The Pet Dish

Find posts by keyword
Find posts by date

Print
Email
|

Some Thanksgiving foods can be dangerous to your pet

by Cary Waterhouse DVM / Lake Union Veterinary Clinic

KING5.com

Posted on November 21, 2011 at 4:48 PM

Updated Tuesday, Nov 22 at 10:49 AM

‘Tis the season for friends, family and holiday feasts—but also for possible distress for our animal companions. Pets won’t be so thankful if they munch on undercooked turkey or a pet-unfriendly floral arrangement, or if they stumble upon an unattended alcoholic drink.

Talkin’ Turkey

If you decide to feed your pet a little nibble of turkey, make sure it’s boneless and well-cooked. Don't offer raw or undercooked turkey, which may contain salmonella bacteria (salmonella infection can harm our pets AS WELL as human companions!).  Under NO circumstances should the turkey ‘drippings’ or pan leftovers be fed – the fat could cause some serious stomach upset, or even worse (see below).

Sage Advice

Sage can make your Thanksgiving stuffing taste delish, but it and many other herbs contain essential oils and resins that can cause gastrointestinal upset and central nervous system depression to pets if eaten in large quantities. Cats are especially sensitive to the effects of certain essential oils.

No Bread Dough

Don't spoil your pet’s holiday by giving him raw bread dough. According to ASPCA experts, when raw bread dough is ingested, an animal's body heat causes the dough to rise in his stomach. As it expands, the pet may experience vomiting, severe abdominal pain and bloating, which could become a life-threatening emergency, requiring surgery.  And as it ferments, the dough will produce alcohol – possibly resulting in intoxication or toxicity!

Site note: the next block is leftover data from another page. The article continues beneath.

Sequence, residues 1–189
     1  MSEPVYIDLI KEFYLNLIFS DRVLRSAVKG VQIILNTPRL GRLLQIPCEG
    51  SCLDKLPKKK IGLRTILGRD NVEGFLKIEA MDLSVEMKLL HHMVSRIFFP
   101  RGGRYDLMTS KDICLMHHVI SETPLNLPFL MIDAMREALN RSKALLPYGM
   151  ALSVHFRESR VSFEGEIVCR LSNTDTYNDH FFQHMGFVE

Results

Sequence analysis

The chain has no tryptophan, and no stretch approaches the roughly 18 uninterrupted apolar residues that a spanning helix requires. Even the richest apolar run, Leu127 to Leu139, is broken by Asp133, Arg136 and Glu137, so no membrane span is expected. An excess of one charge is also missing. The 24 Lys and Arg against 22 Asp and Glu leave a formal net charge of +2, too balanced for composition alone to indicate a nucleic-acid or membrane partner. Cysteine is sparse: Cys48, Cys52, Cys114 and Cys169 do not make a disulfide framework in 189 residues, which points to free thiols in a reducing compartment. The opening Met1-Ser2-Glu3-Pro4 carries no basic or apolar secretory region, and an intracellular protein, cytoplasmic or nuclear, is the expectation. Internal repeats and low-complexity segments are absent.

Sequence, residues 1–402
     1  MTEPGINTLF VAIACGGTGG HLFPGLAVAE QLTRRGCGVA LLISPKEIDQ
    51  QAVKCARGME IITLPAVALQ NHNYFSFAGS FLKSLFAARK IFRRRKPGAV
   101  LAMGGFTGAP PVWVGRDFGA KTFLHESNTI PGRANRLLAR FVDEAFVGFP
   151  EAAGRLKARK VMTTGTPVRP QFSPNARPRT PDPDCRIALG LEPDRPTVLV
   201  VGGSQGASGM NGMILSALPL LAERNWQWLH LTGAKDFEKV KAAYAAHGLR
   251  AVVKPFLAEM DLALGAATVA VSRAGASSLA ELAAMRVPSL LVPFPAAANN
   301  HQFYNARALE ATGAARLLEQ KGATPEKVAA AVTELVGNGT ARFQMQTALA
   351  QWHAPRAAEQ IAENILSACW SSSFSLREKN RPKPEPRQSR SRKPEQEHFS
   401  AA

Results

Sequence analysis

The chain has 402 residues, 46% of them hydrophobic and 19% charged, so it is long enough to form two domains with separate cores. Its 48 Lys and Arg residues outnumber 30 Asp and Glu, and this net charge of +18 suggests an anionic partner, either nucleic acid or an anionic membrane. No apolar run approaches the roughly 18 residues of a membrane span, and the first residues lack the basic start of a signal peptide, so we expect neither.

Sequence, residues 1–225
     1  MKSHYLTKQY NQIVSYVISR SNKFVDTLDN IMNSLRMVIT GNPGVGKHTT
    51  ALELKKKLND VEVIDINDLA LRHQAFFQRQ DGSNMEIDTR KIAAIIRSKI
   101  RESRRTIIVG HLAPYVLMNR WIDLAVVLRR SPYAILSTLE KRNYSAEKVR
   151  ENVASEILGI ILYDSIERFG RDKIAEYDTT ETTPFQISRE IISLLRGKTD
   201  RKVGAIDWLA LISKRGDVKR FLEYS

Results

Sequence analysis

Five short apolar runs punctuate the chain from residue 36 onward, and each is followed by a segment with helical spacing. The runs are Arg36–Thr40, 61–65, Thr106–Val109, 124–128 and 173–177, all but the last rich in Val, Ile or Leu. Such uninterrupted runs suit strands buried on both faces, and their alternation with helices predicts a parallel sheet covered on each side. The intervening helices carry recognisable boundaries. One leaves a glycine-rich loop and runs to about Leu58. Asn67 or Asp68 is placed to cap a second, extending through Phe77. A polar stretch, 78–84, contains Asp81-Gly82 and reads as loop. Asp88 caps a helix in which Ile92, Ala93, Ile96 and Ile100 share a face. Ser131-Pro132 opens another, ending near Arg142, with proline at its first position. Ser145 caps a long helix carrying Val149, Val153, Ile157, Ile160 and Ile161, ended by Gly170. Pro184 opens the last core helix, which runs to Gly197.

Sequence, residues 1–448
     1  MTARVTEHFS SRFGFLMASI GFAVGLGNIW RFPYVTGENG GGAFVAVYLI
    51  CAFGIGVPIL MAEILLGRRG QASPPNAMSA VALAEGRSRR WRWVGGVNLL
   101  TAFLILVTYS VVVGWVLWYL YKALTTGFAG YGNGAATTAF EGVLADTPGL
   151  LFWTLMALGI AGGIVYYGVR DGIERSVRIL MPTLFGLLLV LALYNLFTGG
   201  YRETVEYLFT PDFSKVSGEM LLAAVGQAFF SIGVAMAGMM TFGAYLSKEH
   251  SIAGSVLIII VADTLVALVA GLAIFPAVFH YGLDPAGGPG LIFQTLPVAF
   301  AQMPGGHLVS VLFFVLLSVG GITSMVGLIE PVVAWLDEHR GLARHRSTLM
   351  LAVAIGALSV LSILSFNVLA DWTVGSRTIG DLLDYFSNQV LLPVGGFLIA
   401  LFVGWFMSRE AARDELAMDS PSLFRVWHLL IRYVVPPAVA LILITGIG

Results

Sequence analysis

Don't Let Them Eat Cake

If you’re baking up Thanksgiving cakes, be sure your pets keep their noses out of the batter, especially if it includes raw eggs—they could contain salmonella bacteria that may lead to food poisoning.

Too Much of a Good Thing

A few small boneless pieces of cooked turkey, a taste of mashed potato or even a lick of pumpkin pie shouldn’t pose a problem. However, don't allow your pets to overindulge, as they could wind up with a case of stomach upset, diarrhea or even worse—an inflammatory condition of the pancreas known as pancreatitis (this is painful to say the least, and potentially FATAL) . In fact, it is best keep pets on their regular diets during the holidays.

A Feast Fit for a Kong

While the humans are chowing down, give your cat and dog their own little feast. Offer them Nylabones or made-for-pet chew bones. Or stuff their usual dinner—perhaps with a few added tidbits of turkey, vegetables (try sweet potato or green beans) and dribbles of gravy—inside a Kong toy. They’ll be happily occupied for awhile, working hard to extract their dinner from the toy.

 

Print
Email
|